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Modernizing Dharavi

Modernizing Dharavi
Dharavi is one of the largest slums in Asia and is located in Mumbai.

This article is based on a study by Dr. Abhijit Roy, co-authored with Mousumi Roy, Ph.D., independent scholar: “Modernizing Dharavi: if you build, will they come?” which recently won a runner-up award in the 2013 Oikos Global Case Writing Competition, St. Gallen, Switzerland, in the Corporate Sustainability track. 

Even among the countless high-rise developments that have sprung up in Mumbai over the last decade, it is impossible to miss the vast rows of corrugated tin roofs covering the squalor of Dharavi. The slum, which was featured in the widely acclaimed movie Slumdog Millionaire, spans a total of 535 acres and accommodates about 600,000 residents (approximately as many as a city the size of Boston, Seattle or Baltimore). 

Mumbai’s quest to be a world-class city with a globally comparable quality of life has prompted the local, state and national governments to dramatically reengineer the area with a $2.3 billion 10-year program. The program would transform Mumbai into a world-class city with a vibrant economy and globally comparable quality of life by 2015.

Mr. Mukesh Mehta, a celebrated architect and realtor who has made a name for himself by building expensive custom homes for the rich in Long Island, New York, was hired to radically redesign Dharavi. He empathizes with the hard-working and honest people of the locality, who sometimes work up to 15 hours a day in order to make a living. He wants to grant them the better lives they deserve.

The redesign and the large budget of the project have been the source of many questions and much confusion. The slum dwellers worry that their businesses will be harmed if they have to move to the allocated areas: 225-square-foot spaces in multi-storied buildings.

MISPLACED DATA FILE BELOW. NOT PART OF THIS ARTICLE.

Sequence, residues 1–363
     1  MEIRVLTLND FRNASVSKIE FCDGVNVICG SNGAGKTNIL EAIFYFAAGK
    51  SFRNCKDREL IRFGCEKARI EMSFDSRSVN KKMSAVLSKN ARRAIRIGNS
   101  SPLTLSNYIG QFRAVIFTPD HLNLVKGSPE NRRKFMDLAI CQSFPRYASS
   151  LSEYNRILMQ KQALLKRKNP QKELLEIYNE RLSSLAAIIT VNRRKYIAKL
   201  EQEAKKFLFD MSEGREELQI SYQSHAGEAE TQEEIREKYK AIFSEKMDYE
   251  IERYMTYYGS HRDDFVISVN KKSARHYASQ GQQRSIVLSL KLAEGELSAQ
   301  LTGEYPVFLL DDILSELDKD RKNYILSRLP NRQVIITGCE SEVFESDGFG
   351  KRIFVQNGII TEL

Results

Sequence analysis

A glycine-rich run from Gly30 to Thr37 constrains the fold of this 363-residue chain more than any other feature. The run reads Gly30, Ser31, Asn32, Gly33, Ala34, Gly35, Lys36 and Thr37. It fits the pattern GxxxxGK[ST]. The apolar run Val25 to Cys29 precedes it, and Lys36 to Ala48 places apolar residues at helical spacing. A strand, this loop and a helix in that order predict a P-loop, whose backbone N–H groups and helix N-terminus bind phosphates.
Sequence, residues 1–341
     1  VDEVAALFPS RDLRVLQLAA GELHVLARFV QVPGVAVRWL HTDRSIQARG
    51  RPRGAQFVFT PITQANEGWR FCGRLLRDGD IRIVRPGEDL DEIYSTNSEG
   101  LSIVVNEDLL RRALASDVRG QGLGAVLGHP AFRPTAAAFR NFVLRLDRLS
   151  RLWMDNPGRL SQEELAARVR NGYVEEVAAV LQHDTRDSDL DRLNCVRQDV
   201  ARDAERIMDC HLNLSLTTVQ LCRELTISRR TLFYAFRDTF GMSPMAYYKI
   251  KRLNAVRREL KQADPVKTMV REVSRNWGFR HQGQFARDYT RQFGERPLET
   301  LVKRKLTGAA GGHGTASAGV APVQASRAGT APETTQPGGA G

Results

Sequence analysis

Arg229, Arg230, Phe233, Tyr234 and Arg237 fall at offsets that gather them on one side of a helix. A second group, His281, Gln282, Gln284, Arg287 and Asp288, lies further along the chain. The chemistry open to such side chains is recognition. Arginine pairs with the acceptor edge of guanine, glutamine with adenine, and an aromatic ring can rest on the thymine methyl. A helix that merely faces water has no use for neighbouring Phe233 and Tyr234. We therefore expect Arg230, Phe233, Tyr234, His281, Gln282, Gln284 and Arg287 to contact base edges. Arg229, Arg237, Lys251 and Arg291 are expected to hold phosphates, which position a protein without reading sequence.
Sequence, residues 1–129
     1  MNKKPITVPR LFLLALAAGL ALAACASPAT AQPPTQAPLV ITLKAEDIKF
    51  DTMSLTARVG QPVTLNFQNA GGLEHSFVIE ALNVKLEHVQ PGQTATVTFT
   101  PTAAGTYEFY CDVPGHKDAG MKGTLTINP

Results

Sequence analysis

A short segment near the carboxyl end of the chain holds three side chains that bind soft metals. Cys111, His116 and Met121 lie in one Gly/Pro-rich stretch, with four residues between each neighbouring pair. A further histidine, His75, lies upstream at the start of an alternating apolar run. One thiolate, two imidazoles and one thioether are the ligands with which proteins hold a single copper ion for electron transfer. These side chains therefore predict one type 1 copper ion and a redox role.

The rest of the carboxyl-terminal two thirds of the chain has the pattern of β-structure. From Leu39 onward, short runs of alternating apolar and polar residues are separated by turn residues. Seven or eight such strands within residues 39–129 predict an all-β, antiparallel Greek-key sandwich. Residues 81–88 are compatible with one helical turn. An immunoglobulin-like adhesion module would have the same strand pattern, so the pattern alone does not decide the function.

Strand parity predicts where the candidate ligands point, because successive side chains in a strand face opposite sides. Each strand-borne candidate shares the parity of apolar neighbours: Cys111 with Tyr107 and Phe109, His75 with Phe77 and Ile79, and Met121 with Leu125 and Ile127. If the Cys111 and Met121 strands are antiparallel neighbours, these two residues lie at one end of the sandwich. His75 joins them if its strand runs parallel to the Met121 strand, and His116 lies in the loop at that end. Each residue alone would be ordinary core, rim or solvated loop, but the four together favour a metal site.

Can builders be trusted to provide what is promised? Will the slum dwellers receive a fair share of developers’ profits, considering the current estimate of Dharavi’s real estate value is $10 billion? The slum dwellers fear that they will lose their status as entrepreneurs and end up as servants for the rich, who will pay premium prices for rest of the development. Mr. Mehta’s philosophy for creating a successful development project is to meet the interests of all stakeholders and create a win-win situation for everyone involved, but can he convince the residents of his good intentions? If he rebuilds Dharavi, will they come?  

The full case study was published in Jordi V. Gabriel ed. Case Studies in Sustainability Management: The oikos collection: Volume 3 (2014), Sheffield, UK: Greenleaf Publishing.

Dr. Abhijit Roy, is a professor in the Management and Marketing Department. He received his doctorate from Boston University.

Read the full version in Ignite, our faculty publication, here

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